Please excuse the title’s alliteration – I simply can’t resist a catchy title.
On the topic of titles, had this blog a place for subtitles, you might find this above as well:
On Allen Ginsberg’s “Jaweh and Allah Battle”: A very brief foray into poetry, religion, war, and opera.
Alright, now that the topic is properly introduced, let’s do some defining:
Jaweh (also Yahweh or Jehovah) – One form of the name of the Hebrew Old Testament God of Israel; regarded as too sacred to be spoken, the vowel sounds are not known.
Allah – The Arabic word for the God of Abrahamic faiths. Though commonly associated with the Islamic faith, but is also used by Arab – Christians to refer to God.
Battle – I really don’t think this needs explanation.
Allen Ginsberg – Poet, founding member, and spokesperson of the Beat Movement; author of “Howl” and “Wichita Vortex Sutra” among many other poems; gained international fame in the “Howl” obscenity trial in 1957. (See more here)
The intersection of these things? Allen Ginsberg’s poem “Jaweh and Allah Battle” (1974). Throw composer Philip Glass into the mix and you get the second song of Hydrogen Jukebox (1990), a chamber opera created by the setting of Allen Ginsberg’s poetry to music. The result – an hour and fifteen minutes worthy of your undivided attention.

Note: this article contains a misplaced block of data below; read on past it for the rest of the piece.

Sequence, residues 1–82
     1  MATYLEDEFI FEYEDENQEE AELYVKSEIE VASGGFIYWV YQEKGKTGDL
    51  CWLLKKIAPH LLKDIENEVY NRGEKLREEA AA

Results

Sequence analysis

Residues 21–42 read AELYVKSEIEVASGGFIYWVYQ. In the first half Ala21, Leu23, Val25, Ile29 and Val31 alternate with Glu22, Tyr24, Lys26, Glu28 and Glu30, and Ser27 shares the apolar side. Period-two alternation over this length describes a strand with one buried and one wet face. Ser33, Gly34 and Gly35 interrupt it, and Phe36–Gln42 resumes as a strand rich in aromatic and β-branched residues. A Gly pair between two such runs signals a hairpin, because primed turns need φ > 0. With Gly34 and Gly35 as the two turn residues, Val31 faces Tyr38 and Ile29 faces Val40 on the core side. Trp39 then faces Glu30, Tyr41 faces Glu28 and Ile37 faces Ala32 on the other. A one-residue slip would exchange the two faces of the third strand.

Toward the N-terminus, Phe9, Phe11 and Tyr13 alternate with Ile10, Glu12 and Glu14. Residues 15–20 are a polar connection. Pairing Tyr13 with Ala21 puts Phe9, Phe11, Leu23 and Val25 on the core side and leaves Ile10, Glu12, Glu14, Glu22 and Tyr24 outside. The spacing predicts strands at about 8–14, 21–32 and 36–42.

At present, I have the pleasure of working on a production of Hydrogen Jukebox at Boston University’s Opera Institute (Stage direction by Emily Ranii, Music direction by Allison Voth and Matthew Larson), and thus was privy to conversations in table work of this piece in rehearsal this week. Table work is perhaps not the right word; a more accurate description would be collaborative poetry excavation. Every word and phrase has multiple meanings, multiple pathways of entrance or understanding, and a great deal of ambiguity. But one thing is certain – this poem is livid. Pitting Jaweh against Allah, the poem illustrates the great inimical divide between faiths of the same Abrahamic root – a divide that is all too familiar today in Islamophobia run rampant in the wake of 9/11, the rise of ISIS, and more recent terror attacks. The poem rails at the atrocities performed by nations in the name of God – or in the name of power under the guise of “God.” Ginsberg’s words call into question the nature of religion as an institution, the hostility between Israel and Palestine, and the origin of crimes against humanity in times of war. Exclamations of “Buchenwald sent me here! Mylai sent me here! My mother sent me here!” demand of us deeper thought about the interplay of religion, war, and simply growing up in a given environment. Ginsberg recognizes the often detrimental role that America plays in global struggles for power, and the senselessness of excessive violence in the name of God – or perhaps even of good.
As powerfully as his the words resonate alone, the collaboration of Ginsberg and Glass frames a gesamtkunstwerk. Synthesizing (if you’ve heard the score, you may see the pun here) music, poetry, and live performance into a whole, “Jaweh and Allah battle” becomes the embodiment of the chaos and violence of battle. Ginsberg and Glass adopt the fervor of religion and of war to subvert the very mediums of the beasts they perceive.
And still it echoes “War after war, who’s the enemy?”
(Allen Ginsberg, “Iron Horse,” 1966)
All this before we have even gotten the piece on its feet. I can’t wait to see what comes next.
Hydrogen Jukebox will be performed October 13-16 in Lane-Comley Studio 210.